Day Trading Styles Explained

by Matt

in Investing

One of the most interesting things to note about trading is the wide variety of methods and mediums that people use to achieve the same ends. As brokers like AxiTrader can attest, although the majority of traders will be aiming for almost identical goals, no two will achieve them in exactly the same way.

We categorize the way that traders obtain their goals into various styles, with these styles able to be molded to an individual’s time availability, financial goals, and strengths and weaknesses.

This means that when new traders ask which style would be best for them, there is no easy answer. Different models will suit individuals to varying degrees, and it’s a case of identifying which best complements your lifestyle and personality.

To help you work this out, here are some brief explanations to assist you…

Long and Short

Before you can understand anything else, you need to understand the concepts of going ‘long’ and ‘short’. Irrespective of the asset class, these are the only two types of trade that exist, so you have to know the difference between them.

When you participate in a long trade, you buy a financial instrument to open your position (enter), and sell it to close it (exit). The idea is that you will have sold it for more than the price you paid, and thus made a profit.

When you’re involved in a short trade, you short sell to open a position and then buy it back to close the position. This is known as covering, with the intent being to cover at a lower price in order to earn a profit.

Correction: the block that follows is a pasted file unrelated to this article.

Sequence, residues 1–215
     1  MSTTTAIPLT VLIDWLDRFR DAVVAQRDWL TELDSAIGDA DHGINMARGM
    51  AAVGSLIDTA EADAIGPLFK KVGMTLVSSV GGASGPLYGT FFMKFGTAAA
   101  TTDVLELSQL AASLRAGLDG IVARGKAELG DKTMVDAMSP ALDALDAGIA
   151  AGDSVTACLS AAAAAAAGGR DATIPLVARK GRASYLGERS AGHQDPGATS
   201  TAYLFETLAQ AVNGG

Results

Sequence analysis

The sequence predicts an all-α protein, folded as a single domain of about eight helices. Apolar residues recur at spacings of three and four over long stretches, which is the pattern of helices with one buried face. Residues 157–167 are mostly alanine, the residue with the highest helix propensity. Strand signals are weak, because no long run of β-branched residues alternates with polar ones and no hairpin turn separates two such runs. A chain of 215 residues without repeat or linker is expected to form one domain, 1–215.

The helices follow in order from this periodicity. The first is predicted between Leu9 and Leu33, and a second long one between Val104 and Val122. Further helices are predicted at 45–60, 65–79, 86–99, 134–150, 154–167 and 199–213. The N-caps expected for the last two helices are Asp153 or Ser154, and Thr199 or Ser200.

The former is the more widely practiced of the two, but both can be profitable if done correctly.

Day Trading and Swing Trading

Long and short are the two types of trading that exist, but there are also two styles that you need to be aware of: ‘day trading’ and ‘swing trading’. Essentially, the difference between these is the position holding time.

With regards to the former, day trading tends to cover a single 24-hour period, or a single session from open to close.

Swing trading, on the other hand, is based on similar principles, but uses a longer holding time period. It tends to be performed either intra-day or daily, and will often have a larger trading range than its day trading counterpart.

Although these concepts may appear complex at first glance, it’s very important to understand the differences between them. Do your research and improve your understanding in order to choose the best style for you, and you’ll soon be reaping the rewards.

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